In retrospect, it is clear to me that in Ernesto Scorsone they saw a fitting object for their hatred.  A gay man, a liberal, representing a community largely comprised of minorities.  As Scorsone’s only intern during that term, I was easily identified with him, and felt their venom directed at me, also.

During the course of the day, I would frequently run messages back and forth between the Senate and the Assembly, whose respective chambers book-ended the main hall of the Capitol.  Each time, I had to pass through this mob, listening to their insults, their paranoia on full display, their fear and hate made more urgent and more extreme by their numbers.

In the early afternoon, as I was navigating a path through this crowd on my way back to the Senate chamber, an older man in need of both a laundering and a dentist leaned close to me and said “you people make me sick!”  As I moved to pass him, he spit at me, a large goober that thankfully missed my face, but spoiled my tie.

I spent the balance of the day defiant, giving an interview to the local newspaper and trying, though in futility, to use this incident to highlight why the bill was misguided.  It was a day of high passion and drama, and it has left a mark on my political outlook that persists to this day.

Never before have constitutions been amended to specifically deny rights to a group of people.  The “debate” about gay rights is not really a debate at all: it is and has always been a core civil rights issue, perhaps the only issue our parents’ generation left virtually untouched for ours to tackle.  Gay marriage does not cheapen straight marriage.  It does not deny people their religious beliefs.  If a church decides to refuse to conduct gay marriages in its facility, it can do so, as many churches refuse to participate in inter-faith unions.  However, a government that permits adults to enter into a special legal relationship with their chosen partner should not be in the business of withholding that right from certain classes of people.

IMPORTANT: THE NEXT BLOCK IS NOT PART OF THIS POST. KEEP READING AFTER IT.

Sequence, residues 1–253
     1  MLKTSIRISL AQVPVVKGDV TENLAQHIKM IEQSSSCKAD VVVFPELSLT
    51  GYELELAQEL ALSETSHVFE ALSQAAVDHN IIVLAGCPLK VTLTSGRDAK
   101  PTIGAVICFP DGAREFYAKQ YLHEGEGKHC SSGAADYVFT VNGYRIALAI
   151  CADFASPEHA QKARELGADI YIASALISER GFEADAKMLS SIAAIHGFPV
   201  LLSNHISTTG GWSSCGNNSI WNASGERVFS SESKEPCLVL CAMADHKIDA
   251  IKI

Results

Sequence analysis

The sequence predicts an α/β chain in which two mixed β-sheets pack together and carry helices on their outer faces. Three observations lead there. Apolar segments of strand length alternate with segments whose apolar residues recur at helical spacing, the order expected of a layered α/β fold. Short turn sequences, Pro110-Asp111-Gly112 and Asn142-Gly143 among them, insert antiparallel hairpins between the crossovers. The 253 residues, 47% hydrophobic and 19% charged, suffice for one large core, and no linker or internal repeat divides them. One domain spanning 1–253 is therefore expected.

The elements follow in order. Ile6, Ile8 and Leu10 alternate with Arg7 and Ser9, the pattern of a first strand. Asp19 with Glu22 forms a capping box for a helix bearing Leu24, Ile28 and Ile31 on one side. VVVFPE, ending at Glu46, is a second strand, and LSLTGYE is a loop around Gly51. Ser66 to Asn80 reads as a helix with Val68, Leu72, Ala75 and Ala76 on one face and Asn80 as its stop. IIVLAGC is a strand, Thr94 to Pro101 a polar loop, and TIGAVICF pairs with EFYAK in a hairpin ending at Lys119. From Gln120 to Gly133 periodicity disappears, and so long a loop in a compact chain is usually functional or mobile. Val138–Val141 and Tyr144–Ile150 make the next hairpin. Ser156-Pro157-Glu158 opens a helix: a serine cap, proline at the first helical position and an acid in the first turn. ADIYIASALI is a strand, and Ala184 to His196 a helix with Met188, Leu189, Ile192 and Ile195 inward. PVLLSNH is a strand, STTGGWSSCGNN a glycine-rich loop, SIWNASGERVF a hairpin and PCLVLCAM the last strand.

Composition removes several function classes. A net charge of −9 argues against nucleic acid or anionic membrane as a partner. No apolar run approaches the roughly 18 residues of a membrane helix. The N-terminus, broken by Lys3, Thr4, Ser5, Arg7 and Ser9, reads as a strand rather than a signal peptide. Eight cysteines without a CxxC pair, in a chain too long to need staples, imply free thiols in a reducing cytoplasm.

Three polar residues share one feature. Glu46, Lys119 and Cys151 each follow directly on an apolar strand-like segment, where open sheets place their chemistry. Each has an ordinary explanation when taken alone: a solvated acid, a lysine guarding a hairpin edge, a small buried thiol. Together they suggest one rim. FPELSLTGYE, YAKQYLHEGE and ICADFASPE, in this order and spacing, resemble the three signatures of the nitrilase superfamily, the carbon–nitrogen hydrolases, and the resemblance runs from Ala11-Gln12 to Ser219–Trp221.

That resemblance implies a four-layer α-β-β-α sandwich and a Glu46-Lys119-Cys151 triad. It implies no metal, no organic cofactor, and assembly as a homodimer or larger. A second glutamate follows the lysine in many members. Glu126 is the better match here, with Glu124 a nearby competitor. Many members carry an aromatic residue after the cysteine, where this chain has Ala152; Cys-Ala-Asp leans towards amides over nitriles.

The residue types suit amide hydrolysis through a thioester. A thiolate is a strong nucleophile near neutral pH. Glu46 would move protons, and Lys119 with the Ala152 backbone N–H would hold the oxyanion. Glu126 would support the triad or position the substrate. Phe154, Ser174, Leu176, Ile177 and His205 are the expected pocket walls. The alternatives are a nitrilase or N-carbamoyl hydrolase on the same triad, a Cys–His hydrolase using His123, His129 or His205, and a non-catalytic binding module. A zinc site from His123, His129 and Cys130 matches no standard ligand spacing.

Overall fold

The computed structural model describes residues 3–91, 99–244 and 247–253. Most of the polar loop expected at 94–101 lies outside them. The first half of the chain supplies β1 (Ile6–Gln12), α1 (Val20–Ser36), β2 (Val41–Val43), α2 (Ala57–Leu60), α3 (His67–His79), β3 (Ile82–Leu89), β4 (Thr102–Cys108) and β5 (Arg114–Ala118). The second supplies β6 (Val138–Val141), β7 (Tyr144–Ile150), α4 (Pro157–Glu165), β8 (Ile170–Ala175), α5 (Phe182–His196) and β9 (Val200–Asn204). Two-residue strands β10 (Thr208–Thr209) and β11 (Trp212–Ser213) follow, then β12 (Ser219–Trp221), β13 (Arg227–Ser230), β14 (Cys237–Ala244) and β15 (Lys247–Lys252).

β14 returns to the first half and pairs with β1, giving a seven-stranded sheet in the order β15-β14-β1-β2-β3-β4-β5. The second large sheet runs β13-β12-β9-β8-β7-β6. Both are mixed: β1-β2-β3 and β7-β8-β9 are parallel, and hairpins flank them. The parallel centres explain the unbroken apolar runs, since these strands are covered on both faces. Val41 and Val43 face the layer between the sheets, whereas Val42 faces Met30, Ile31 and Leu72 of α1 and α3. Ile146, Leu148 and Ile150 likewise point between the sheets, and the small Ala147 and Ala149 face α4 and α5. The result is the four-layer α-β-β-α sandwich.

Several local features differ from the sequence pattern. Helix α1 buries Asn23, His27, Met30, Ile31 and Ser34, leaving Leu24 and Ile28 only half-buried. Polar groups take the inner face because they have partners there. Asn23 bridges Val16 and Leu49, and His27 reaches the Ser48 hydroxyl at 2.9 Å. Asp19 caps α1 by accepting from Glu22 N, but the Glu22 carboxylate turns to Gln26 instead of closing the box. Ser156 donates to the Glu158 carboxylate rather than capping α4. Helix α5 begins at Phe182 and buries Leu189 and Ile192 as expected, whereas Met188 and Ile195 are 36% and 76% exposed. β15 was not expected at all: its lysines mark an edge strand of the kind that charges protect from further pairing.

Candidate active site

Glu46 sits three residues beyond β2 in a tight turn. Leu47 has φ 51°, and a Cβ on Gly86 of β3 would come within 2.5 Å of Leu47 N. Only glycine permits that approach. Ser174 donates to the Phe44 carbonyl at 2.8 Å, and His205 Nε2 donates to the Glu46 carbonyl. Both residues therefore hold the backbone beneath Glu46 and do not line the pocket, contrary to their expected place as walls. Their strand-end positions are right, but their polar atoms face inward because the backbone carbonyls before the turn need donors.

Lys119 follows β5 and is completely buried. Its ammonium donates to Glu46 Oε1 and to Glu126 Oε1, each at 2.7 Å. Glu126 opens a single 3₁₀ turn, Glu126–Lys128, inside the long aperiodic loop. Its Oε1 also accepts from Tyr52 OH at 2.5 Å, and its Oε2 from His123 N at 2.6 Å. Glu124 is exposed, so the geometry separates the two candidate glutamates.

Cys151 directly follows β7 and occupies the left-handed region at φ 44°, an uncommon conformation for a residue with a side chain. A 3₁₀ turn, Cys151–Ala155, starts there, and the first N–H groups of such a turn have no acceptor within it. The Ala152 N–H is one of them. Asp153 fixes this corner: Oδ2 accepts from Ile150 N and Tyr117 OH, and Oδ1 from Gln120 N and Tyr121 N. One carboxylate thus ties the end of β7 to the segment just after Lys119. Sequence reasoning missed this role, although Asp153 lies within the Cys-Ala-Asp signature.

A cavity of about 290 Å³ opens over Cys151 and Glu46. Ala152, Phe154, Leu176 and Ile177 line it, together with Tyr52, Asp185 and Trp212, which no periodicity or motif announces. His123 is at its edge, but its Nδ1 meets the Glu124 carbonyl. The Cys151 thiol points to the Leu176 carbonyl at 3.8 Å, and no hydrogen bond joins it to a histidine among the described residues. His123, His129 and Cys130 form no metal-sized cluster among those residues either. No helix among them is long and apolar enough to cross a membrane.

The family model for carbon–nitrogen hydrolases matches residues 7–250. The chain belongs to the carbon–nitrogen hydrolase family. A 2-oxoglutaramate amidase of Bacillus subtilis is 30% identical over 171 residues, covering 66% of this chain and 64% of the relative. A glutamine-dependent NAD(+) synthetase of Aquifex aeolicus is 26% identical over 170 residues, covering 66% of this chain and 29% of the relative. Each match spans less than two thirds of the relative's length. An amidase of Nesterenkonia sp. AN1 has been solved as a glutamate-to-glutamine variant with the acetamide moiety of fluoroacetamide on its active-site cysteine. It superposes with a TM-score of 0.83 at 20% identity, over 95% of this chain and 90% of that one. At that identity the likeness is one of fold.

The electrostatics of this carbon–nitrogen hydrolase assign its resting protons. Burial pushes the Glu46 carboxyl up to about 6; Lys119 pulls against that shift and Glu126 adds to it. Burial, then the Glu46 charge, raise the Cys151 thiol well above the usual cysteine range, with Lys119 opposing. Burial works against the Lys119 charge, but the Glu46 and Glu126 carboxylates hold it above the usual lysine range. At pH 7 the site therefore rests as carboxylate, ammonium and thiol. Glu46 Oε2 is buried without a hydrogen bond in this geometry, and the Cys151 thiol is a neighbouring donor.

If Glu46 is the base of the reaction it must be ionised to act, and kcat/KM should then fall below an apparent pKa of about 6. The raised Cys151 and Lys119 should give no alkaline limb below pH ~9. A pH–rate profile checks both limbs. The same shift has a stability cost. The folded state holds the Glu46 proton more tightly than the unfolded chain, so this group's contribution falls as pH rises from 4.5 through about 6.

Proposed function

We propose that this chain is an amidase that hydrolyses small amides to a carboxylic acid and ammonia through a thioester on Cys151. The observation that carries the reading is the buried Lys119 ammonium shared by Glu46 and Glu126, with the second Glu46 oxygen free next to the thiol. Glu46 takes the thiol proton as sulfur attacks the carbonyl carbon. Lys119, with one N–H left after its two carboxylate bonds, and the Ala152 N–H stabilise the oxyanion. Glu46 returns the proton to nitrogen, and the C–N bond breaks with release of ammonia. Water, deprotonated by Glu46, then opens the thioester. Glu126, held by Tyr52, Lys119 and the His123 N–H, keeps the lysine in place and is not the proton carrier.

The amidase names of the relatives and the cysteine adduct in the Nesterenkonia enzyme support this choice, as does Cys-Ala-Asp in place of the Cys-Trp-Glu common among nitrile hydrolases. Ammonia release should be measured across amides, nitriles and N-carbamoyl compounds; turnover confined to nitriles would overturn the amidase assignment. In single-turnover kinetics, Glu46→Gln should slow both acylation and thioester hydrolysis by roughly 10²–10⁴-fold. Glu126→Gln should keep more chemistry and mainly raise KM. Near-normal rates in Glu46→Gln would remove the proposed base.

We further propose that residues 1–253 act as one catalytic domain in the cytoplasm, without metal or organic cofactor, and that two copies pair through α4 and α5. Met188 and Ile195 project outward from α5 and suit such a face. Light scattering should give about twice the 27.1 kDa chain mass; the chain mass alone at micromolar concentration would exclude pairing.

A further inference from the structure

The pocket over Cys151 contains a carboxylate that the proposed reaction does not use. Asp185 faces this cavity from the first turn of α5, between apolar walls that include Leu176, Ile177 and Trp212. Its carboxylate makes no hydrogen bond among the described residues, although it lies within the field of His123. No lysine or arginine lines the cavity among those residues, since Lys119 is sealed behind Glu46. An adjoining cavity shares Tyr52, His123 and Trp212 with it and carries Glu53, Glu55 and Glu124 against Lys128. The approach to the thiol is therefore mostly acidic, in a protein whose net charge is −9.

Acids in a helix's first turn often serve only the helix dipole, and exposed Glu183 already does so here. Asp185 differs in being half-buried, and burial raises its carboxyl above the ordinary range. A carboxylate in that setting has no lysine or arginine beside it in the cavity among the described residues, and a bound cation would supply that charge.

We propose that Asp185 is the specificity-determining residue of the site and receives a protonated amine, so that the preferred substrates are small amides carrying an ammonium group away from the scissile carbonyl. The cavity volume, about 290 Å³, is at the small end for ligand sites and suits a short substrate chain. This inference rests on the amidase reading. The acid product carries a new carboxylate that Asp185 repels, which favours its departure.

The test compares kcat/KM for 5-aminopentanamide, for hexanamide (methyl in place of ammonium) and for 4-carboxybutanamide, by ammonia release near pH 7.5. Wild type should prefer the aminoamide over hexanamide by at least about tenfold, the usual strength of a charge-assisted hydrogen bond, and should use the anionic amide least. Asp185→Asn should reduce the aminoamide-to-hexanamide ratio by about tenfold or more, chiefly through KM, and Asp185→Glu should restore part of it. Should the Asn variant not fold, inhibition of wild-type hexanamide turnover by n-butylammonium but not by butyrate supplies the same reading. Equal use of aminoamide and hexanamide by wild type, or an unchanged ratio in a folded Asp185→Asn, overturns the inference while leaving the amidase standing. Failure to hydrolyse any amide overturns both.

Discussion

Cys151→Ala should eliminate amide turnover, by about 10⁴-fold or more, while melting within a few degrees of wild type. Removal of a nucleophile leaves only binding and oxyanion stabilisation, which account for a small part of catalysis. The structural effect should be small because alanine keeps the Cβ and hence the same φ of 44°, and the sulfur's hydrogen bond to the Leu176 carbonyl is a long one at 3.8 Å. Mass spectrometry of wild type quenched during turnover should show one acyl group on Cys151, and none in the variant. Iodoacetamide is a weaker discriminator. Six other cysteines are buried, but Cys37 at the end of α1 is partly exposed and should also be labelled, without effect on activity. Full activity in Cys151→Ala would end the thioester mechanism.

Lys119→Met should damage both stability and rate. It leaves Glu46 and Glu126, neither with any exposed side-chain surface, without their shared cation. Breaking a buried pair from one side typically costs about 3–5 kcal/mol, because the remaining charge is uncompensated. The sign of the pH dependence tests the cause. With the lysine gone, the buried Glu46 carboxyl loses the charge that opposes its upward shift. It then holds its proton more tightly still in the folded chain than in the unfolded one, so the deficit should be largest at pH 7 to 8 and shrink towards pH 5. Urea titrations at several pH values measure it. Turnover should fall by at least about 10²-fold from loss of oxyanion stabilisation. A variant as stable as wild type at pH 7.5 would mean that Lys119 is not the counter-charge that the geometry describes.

During the next generation, young people will ask us incredulously if we remember when being anti-gay was commonplace among politicians, and was a socially acceptable thing to be.   Make no mistake- those who would deny gays and lesbians equal rights in any area of the law are not pro-family, pro-religion, or pro-anything else.  They are anti-gay.  As a court in Los Angeles recently opined, there is no rational basis at all for denying equal rights to gays and lesbians simply because of their sexuality.